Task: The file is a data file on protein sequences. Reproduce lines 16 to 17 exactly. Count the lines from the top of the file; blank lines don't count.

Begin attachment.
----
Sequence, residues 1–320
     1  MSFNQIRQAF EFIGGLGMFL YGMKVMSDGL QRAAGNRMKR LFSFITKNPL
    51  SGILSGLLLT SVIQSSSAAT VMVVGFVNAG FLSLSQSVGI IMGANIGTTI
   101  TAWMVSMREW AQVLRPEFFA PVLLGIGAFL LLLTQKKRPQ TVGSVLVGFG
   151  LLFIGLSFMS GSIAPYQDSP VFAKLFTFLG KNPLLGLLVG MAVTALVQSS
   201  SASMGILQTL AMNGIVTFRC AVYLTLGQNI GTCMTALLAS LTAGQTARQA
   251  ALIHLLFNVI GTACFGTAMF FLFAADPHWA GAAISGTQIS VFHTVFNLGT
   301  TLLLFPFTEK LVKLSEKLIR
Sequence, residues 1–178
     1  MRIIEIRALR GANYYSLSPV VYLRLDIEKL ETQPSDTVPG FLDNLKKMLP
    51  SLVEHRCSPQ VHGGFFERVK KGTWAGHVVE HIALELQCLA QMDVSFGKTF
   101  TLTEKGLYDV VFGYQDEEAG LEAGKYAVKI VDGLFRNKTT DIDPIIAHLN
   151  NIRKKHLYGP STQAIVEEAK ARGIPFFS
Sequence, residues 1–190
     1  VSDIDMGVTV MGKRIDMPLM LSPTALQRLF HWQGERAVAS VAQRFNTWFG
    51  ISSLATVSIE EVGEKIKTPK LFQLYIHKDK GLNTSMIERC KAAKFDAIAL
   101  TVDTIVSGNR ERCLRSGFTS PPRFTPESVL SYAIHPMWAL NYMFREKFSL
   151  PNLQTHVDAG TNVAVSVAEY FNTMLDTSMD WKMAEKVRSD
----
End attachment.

    51  ISSLATVSIE EVGEKIKTPK LFQLYIHKDK GLNTSMIERC KAAKFDAIAL
   101  TVDTIVSGNR ERCLRSGFTS PPRFTPESVL SYAIHPMWAL NYMFREKFSL